Part of the new OKC future is the forever hard-to-label and enigmatic Italian forward Danilo Gallinari.
Why enigmatic? He’s a hard player to tack down. Perhaps the casual NBA fan won’t recognize his name, and even the more serious fans have very few Danilo Gallinari talking points in their back pocket. Why is that?
He occupies a strange space in the NBA, which does not file neatly into our black and white, dualistic mental organization methods. He’s somewhere between solid and All-Star, and on the more concerning end, somewhere between a full-time professional basketball player and a part-time professional basketball player. To add to it all, Gallo moved to PF last year, adjusting his career to somewhere between wing and big.
He’s just there, floating in the middle of it all.
I’ve got great news: out there floating in the middle of it all sits a very, very good basketball player.
In Gallinari’s home country of Italy, there’s an idiom that means to tell the truth without holding anything back. Literally translated, it means to tell the truth without hair on your tongue.
Non avere pell sulla lingua.
To be informed fans of our new Thunder boy, here’s a quick overview—told without any hair on my tongue (thank God).
The Good: efficient scoring and positional playmaking
Gallo can score, plain and simple. He’s your classic bucket-getter. At all 3 levels, Gallinari is an (dare it be said) elite scorer. His method of scoring does not come from some uniqueness, be it athleticism, strength, or a killer move (think Dirk)—it just comes from his ability to get the shots he wants. He is crafty. He is the annoying kid who always finds a way to get the ball in the hoop, no matter who he faces.
Take 10 seconds to name the top 5 three-point shooters last year based on percentage.
Who’s on the list? Curry? Harris? Korver? Redick? Thompson? Other Curry? Durant?
You left off Danilo Gallinari, who shot 44% from 3 last year, fifth best in the league. He did that while shooting over 5 long distance shots a game. That’s serious volume. Here’s some examples:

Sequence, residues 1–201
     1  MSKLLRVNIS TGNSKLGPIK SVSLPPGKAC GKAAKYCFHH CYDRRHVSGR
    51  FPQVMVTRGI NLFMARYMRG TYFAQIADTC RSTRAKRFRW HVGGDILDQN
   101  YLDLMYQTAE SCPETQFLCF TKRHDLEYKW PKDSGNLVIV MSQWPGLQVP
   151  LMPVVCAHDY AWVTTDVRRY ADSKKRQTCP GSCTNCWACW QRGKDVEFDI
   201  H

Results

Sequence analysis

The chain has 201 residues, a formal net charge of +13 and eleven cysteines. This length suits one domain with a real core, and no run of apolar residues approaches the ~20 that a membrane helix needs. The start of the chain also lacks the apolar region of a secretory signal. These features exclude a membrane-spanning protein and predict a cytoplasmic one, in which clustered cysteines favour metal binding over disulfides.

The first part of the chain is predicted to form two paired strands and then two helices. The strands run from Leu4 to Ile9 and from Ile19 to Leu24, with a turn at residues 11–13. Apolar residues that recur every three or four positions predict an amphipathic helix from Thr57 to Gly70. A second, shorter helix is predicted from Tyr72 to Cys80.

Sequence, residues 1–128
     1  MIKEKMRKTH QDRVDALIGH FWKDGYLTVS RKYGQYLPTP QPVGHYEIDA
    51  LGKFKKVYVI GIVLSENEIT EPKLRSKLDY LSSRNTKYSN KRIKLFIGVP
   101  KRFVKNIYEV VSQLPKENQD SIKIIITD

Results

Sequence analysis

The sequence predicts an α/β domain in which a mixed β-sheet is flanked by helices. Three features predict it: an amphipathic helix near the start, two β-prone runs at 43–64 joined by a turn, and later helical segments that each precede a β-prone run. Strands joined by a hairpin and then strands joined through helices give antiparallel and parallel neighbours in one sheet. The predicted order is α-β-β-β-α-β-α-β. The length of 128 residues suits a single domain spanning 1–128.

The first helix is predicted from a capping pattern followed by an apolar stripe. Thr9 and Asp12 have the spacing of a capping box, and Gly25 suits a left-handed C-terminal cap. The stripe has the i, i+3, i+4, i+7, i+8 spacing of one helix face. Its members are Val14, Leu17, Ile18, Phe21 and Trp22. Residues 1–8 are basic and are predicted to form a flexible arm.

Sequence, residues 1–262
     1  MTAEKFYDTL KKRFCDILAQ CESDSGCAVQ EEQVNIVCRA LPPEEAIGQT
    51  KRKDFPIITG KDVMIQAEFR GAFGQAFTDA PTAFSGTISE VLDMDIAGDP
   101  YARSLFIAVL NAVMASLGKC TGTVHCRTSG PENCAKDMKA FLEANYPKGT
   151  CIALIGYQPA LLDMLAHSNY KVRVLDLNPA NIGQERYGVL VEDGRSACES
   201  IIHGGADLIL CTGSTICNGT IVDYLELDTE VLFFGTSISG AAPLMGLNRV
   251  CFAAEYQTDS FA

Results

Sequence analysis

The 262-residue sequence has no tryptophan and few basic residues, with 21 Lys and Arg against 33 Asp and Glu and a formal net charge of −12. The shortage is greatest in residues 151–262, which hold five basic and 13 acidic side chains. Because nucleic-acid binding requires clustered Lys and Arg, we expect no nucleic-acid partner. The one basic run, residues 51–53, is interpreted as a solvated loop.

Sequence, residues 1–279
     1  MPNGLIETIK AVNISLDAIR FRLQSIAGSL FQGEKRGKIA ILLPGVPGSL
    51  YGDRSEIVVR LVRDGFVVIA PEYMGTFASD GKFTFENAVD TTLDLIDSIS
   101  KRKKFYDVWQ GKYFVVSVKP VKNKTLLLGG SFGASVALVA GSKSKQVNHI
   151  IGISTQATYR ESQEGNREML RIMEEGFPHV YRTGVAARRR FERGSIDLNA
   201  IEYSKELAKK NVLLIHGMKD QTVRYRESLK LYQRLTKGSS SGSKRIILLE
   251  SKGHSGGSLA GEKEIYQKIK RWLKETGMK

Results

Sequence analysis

The ball just goes in. I don’t know what else to tell you.
Thankfully, he’s not just a scorer. Per Cleaning the Glass, Gallinari assisted on 13% of his teams made baskets last year, which puts him in the 87th percentile for his position (as of last year, PF). He receives a bit of a spike, as he’s played on the wing his whole career, which entails a bit more passing than traditional power forwards deal with.
The craftiness that informs and supports his scoring is the same that fuels his playmaking offering. Gallo isn’t, say, Chris Paul, but he is not a ball stopper. That’s enough.
The Bad: turnovers and health
Again, per Cleaning the Glass, Gallinari was in the 91st (91st!!) percentile for turnover percentage at his position.
That’s really bad. That means 8.8% of Gallo’s possessions ended in a turnover. Mostly, they just seem to be passes that are forced. Here’s what I mean:
The silver lining of ill-advised passing is that it’s an easier fix than other types of turnovers, especially those stemming from a poor handle or boneheaded decision making.
Finally, Gallinari has a poor injury history. Only twice has he played more than 70 games in a season.
An abbreviated list health-related absences: sore back, back surgery, sore right forearm, sprained left knee, sprained right ankle, chip fracture in left ankle, sprained left ankle, fractured right thumb, fractured left thumb, sinus infection, torn ACL in left knee, torn meniscus in left knee, bruised right knee, torn meniscus in right knee, shoulder injury, sore right thigh, sprained right ankle, strained groin, right hand fracture, sprained right hand, and a sore left ankle.
Not good. Nottttt good.
But he’s healthy right now, he’s wearing a Thunder uniform, and he can score with the best of them. That’s a win.